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Hawk vs. Vulture: How to Tell Them Apart (Main Differences)

The main differences between hawks and vultures are their size, the animals they prey on, preferred habitat, and social behaviors. Vultures are generally bigger and hence prey on bigger animals. They’re also purely scavengers, feeding on carrion meat, whereas hawks hunt for prey.

Hawks and vultures may look very similar, but there are key differences between these two birds. 

In this blog post, we’ll take a closer look at the similarities and differences between hawks and vultures, as well as how to tell them apart.

We’ll also discuss some of the unique behaviors of each bird. So whether you’re a hawk or vulture enthusiast, or just want to learn more about these interesting birds, read on.

How to Tell the Difference Between a Hawk and a Vulture

Some of the differences between hawks and vultures include their size, feathers, colors, and their heads. Vultures are bigger than hawks with shorter rounded tails while hawks have long feathers on their head and tails.

Hawks and vultures don’t look very similar, apart from their bird-like structure (they are both birds afterall). 

You can tell the difference between these two birds by looking at their:

  • Feathers
  • Size
  • Colors
  • Headshapes
  • Wing-structure

However, some hawk species have some bright colors on them while vulture species do not. 

Vulture feathers also tend to be shorter than hawk feathers. Hawks are built for flying while vultures are built for gliding. For instance, hawk wings slope downward at the end, while vultures’ wings stay horizontal.

flying vulture

Differences Between Hawks and Vultures

Hawks and vultures are both birds of prey. They’re distinct types of birds that can be distinguished primarily by their appearance. 

Hawks have long tails and slender bodies with sharp wings used for catching prey in flight and diving fast, whereas vultures have broad wings and short tails suited to soaring through the air.

Taxonomy Hawks Vultures
Scientific Classification Accipitridae Cathartidae
Size 18–26 inches long, 1-5 pounds, 3.7-4.8 feet wingspan 3.3-3.9 feet long, 27.5 pounds, 8.2-10.2 feet wingspan
Prey Animals Small mammals carrion
Preferred Habitat Edge of forests; open fields places near bodies of water where there are carcasses
Social Behavior Pairs or alone Flocks called “committees”

Scientific Classification: Accipitridae vs. Cathartidae

Hawks and vultures are both members of the Accipitridae family, but they each belong to two different genera (specific categories). 

Hawks (such as red-tailed hawks and bald eagles) belong to the Accipitridae. There are more than 40 species within this genus. Vultures (including turkey vultures and black vultures) belong to the Cathartidae.[1]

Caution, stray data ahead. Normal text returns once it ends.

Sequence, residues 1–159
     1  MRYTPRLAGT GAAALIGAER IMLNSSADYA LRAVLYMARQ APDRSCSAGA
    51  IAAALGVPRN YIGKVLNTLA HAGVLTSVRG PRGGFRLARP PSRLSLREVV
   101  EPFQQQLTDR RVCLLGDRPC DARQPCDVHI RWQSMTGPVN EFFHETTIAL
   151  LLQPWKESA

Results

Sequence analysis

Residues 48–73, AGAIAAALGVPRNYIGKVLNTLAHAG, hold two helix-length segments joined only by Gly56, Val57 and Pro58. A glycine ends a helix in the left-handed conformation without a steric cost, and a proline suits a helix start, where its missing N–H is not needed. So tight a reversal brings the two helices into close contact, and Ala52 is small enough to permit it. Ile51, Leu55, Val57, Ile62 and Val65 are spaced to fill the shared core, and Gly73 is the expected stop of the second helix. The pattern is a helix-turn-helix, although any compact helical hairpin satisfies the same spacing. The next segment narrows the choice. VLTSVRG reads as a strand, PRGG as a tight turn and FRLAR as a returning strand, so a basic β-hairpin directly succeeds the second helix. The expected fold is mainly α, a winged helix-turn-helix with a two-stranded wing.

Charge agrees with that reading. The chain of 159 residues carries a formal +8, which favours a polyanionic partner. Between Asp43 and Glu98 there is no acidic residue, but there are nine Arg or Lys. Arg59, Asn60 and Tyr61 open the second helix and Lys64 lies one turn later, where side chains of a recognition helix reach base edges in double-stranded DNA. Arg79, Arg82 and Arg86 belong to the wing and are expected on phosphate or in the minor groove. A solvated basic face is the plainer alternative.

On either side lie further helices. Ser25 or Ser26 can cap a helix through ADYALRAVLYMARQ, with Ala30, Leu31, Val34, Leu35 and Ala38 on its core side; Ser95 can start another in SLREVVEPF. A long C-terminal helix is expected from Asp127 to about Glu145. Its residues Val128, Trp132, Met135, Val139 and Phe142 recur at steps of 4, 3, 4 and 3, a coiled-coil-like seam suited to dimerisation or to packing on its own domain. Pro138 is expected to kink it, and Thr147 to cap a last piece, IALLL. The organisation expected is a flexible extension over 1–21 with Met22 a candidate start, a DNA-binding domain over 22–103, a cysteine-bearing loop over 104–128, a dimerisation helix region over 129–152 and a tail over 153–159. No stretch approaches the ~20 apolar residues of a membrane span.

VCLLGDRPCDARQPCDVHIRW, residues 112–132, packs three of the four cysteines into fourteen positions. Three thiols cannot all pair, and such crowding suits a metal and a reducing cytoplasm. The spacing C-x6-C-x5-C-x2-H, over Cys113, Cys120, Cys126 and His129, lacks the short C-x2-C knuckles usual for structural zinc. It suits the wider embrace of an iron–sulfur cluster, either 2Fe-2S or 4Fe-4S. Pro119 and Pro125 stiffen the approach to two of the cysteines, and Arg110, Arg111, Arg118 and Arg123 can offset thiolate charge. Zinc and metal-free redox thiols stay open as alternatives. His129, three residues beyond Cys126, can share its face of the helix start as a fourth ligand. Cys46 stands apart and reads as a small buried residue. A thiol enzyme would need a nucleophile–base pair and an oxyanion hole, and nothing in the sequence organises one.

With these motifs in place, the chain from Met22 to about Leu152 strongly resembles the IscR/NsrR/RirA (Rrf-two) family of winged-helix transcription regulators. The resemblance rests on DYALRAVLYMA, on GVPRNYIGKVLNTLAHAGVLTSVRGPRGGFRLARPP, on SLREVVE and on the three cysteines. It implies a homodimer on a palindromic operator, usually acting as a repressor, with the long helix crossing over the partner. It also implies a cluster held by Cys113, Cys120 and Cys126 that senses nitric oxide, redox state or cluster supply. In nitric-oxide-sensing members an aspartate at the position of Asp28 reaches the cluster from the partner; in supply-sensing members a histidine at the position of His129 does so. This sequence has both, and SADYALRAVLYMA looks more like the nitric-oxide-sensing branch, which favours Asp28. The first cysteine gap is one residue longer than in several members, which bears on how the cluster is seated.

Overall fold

Vultures are also more closely related to storks than hawks are. 

Appearance

In terms of appearance, hawks have slender bodies and shorter wings, while vultures are typically taller with longer wings. The biggest difference between the two is size. Vultures are much bigger than hawks. They also have long necks.

Both hawks and vultures are easily distinguished from other types of birds. they’re also easily distinguished from each other, once you know what they look like. 

Hawks have powerful claws that they use to grab their prey and carry the meat. Vultures have strong feet instead, as they don’t need the claws to kill prey.

black vulture alone in the grassland

Prey Animals

Hawks mainly prey on small mammals such as ground squirrels or chipmunks[2]. Because hawks have strong talons to attack their prey from midair, they are able to immobilize them quickly. 

Hawks have very good eyesight to be able to spot their prey from great distances.

While vultures do prey on small mammals, they exclusively target already dead animals for food. They’re among the best-known scavengers.

Because of this, vultures have great eyesight, but also depend on their sense of smell to be able to locate dead bodies from hundreds of meters away.

At times, hawks do also scavenge for food. They don’t mind eating dead animals.

Related: How Do Hawks Kill Their Prey?

common hawk eating a mouse

Preferred Habitat

Hawks and vultures prefer different locations and habitats, but can be found in many of the same, such as deserts, wastelands, and open landscapes.

Hawks are commonly found on the edge of forests or fields, while vultures prefer to nest in places of open country, where they can soar and scout far and wide. 

Both types of birds rely heavily on good eyesight to find their prey. The difference in habitat preference comes down to their diet. Vultures only eat carrion, so they prefer open land where it’s easier to find dead animals. Hawks hunt live animals, which are easier to find in places of vegetation.